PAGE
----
But neither her study nor one conducted by Japanese scientists included a
group of patients who, for comparison, did not have the test, raising
questions of whether the patients really lived longer than they would have if
they had not taken part in the study.
Now, Dr. Henschke said, she and her colleagues are planning to enroll 10,000
patients in the New York area for additional study of the method's efficacy.
That study would not include a control group of patients who did not get the
Some participants at the meeting warned that though it sounded logical that
if cancers were detected very early, patients who would otherwise die would
be cured, the history of lung cancer screening provided a cautionary tale.
A few decades ago, it was widely believed that chest X-rays could save lives
by finding lung cancers before people had symptoms. The American Cancer
Society recommended that smokers have annual chest X-rays and doctors urged
the tests upon their patients.
But in 1971, the Mayo Clinic in Rochester, Minn., began a study of 9,211
smokers who were randomly assigned to have regular chest X-rays or not.
The results were startling. Cancers were found earlier, but the men who were
screened lived no longer than those who were not -- their cancers killed them
at the same time, but they lived a longer time beforehand knowing that they
had cancer and being treated for it. As a result, the cancer society withdrew
its recommendation that people at high risk for lung cancer be screened with
Spiral CT scanning is much more sensitive than chest X-rays, and it is
possible that it is picking up cancers when they are really curable. On the
other hand, cancer experts said, it is also possible that it is picking up
tumors that would never have caused a problem, and that patients would have
died with them, not of them.
It is also possible that, like chest X-rays, spiral CT finds cancers early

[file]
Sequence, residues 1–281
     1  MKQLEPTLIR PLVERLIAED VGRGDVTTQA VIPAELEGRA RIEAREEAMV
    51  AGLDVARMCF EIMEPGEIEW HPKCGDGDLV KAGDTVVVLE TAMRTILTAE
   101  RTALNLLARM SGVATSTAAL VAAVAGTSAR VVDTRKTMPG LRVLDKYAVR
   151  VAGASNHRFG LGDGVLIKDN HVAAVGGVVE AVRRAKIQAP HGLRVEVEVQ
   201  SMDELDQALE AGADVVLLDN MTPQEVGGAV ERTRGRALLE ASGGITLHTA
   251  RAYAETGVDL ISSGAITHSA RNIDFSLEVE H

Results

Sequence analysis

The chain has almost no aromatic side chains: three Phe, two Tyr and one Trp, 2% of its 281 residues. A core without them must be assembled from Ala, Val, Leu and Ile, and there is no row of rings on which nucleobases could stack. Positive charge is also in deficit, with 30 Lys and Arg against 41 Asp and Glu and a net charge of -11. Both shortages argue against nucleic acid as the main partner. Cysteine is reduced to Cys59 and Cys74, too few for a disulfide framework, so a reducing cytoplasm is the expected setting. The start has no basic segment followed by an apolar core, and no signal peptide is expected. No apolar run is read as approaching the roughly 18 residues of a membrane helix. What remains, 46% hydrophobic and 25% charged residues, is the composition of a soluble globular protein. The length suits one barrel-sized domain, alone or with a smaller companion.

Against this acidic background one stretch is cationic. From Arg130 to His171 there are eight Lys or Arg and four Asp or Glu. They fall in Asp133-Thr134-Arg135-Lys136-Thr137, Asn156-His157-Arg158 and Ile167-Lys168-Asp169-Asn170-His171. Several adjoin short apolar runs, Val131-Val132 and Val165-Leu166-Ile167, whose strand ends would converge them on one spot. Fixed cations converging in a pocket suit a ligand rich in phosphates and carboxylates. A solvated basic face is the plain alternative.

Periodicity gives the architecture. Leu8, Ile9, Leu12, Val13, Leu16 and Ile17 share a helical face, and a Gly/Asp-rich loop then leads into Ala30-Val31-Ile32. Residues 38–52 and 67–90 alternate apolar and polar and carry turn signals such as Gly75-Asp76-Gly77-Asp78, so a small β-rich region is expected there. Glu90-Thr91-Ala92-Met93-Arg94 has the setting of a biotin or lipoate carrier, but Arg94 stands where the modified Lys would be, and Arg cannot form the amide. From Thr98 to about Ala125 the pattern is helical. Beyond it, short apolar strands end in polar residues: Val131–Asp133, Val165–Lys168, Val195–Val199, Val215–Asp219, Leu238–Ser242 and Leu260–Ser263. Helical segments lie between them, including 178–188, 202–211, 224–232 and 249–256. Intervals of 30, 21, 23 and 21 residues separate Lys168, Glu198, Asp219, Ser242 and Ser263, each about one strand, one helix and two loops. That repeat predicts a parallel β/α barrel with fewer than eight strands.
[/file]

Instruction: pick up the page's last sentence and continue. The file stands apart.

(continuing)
but does not save lives.
Dr. Barnett Kramer, deputy director of the division of cancer prevention at
the cancer institute, said more was at stake than medical certainty that
patients would be helped. Spiral CT scanning would be enormously expensive.
It costs anywhere from $250 to $1,000 for a scan, depending on the hospital
offering it, Dr. Kramer said in an interview before today's meeting. He
calculated that it would cost $39 billion to screen all smokers and former
smokers in the country. And, he added, that does not include the cost of
doing biopsies for people whose tumors turn out to be benign and those whose
tumors are so indolent that they would never have been life-threatening.
John Fletcher, an ethicist, said it was the uncertainty about the value of
spiral CT scanning that made him want a randomized clinical trial.
"We're in a situation that the experts call equipoise, where we really don't
know if spiral CT scanning is better than usual care," Dr. Fletcher said.
But, Dr. Fletcher, an emeritus professor at the University of Virginia, told
participants at the meeting, "There is a window of opportunity here that you
will lose when the pressure to do the test is so high that you can't resist
it and it becomes a de facto standard of care."
For that reason, Dr. Anthony B. Miller of the German Cancer Research
Institute in Heidelberg said, "the message we're getting is, let's get on